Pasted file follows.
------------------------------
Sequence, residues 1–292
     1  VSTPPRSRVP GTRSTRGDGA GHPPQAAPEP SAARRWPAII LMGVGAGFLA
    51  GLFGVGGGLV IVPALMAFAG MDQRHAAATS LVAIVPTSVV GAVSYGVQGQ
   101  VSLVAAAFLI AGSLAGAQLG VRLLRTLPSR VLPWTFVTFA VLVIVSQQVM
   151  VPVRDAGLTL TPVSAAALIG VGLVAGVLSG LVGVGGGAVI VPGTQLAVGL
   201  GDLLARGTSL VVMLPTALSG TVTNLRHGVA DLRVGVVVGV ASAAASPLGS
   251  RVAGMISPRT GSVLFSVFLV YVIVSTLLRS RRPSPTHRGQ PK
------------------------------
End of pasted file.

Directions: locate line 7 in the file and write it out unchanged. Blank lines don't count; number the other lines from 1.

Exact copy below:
   251  RVAGMISPRT GSVLFSVFLV YVIVSTLLRS RRPSPTHRGQ PK